In 2012, I was commissioned by Shire Hall Gallery, Stafford, to make new work inspired by their building for an exhibition. The Shire Hall Gallery (now closed) was a contemporary craft exhibition venue within the historic Shire Hall court building completed in 1789. The wood panelled court rooms and holding cells survive along with the impressive entrance hall with plaster ceiling.
I initially intended to make a piece very much based on the textures and shapes within the building itself, but a display of criminal mugshots with their hands on their chests captivated me. There was something very personal and emotive about the hands. In the end I had no choice but to work with these images as my inspiration for the commission, and decided to focus on the images of women. The details of their clothing added even more personality to the photographs and led the way for me to make textile work about them.
I chose to use their hands as a repeating motif throughout the series of seven miniature quilts (a catch-all term for fine art textiles, not actually quilts). The idea of quilts worked for me as a reference to the lack of domestic comfort these women would have experience in prison. We normally associate quilts with safety and security.
I used layered fabrics to represent layers of history and of stories within the building, within the archive and within the women’s lives and a muted colour palette inspired by the sepia photographs as well as the structure of the building in wood, stone and lead.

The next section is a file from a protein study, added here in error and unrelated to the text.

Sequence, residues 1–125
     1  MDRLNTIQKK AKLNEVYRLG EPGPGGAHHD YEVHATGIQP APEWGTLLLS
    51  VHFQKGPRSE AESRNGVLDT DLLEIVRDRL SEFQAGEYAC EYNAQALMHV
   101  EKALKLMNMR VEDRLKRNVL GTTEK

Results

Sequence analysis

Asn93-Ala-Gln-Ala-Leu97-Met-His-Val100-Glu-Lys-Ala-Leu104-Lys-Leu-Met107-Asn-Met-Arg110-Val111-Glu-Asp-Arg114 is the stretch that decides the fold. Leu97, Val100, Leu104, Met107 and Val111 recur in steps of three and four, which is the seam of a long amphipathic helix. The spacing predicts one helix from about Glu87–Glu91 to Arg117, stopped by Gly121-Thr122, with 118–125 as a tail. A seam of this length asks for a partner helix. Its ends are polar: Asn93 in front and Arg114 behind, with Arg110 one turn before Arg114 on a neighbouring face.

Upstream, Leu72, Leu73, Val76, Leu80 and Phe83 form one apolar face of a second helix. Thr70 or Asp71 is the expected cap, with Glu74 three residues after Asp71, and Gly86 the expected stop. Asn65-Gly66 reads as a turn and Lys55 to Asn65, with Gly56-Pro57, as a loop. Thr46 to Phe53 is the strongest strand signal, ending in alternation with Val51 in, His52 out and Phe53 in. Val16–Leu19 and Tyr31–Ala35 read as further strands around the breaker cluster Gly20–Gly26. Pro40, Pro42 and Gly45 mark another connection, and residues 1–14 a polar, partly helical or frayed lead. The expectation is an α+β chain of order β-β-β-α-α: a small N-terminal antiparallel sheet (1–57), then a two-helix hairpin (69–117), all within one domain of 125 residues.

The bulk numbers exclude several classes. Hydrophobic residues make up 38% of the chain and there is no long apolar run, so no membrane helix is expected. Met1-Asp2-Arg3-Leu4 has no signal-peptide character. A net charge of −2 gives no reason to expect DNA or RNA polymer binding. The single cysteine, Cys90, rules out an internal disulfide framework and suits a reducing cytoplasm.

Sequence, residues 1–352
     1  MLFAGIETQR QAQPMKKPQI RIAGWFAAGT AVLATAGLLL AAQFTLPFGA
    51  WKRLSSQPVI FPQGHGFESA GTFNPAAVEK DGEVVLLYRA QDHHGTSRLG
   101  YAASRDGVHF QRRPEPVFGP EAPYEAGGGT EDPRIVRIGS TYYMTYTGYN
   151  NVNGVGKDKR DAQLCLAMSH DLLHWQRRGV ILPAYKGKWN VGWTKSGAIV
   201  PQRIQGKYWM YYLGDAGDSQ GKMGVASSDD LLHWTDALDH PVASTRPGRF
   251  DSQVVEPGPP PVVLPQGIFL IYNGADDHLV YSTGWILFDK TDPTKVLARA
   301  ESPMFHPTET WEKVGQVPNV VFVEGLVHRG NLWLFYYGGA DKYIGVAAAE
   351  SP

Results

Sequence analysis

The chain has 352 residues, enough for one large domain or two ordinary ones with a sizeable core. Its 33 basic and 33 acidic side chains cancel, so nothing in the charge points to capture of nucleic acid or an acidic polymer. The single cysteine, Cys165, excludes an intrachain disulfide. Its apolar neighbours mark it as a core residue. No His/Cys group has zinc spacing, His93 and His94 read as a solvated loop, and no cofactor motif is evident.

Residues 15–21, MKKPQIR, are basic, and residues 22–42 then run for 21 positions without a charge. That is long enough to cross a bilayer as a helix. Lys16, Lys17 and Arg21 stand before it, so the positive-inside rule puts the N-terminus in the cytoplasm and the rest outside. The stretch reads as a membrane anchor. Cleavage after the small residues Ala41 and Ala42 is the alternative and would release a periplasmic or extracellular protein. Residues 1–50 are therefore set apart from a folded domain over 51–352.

The series of seven miniature quilts were displayed in 2012-13 and later purchased for the museum collections of Staffordshire County Council. They were displayed outside the court rooms until the Shire Hall was closed to the public in July 2017 and will be redisplayed in Staffordshire Record Office in August 2017.
I have continued to develop work around the Criminal Quilts theme and stories, still focussing on the visual imagery of the photographs and the motif of the hands but extending the size and scale of the work. A further small collection of miniature pieces made in 2013-14 were displayed in New York and I created a series of larger pieces for a solo exhibition of my work at the National Centre for Craft & Design in 2015. One of the pieces from that series won the Fine Art Quilt Masters competition in 2016.
Criminal Quilts continues into 2018 when I will be Artist in Residence in Staffordshire Record Office funded by Arts Council England and Staffordshire County Council. I will working on new Criminal Quilts and exploring the women’s stories in much more detail alongside archive volunteers and art students.
This phase of Criminal Quilts will be shared through community workshops, new information displays, learning resources and exhibitions in 2018. My artist residency and project officially launches in Stafford at the Record Office on Friday 8th September 2017.
Several of these pieces can be seen in exhibitions around the UK during August including the patchwork chair piece at Unit Twelve Gallery Staffordshire and the Criminal Quilts : Hanging piece at Minerva Arts Centre Llanidloes, mid Wales in Ruth’s exhibition Fragments.
Find out more at www.ruthsinger.com/criminalquilts
Dr. Fiona Peters is Reader in Crime Fiction at Bath Spa University in the UK. She is a Patricia Highsmith scholar and is director of the Captivating Criminality project.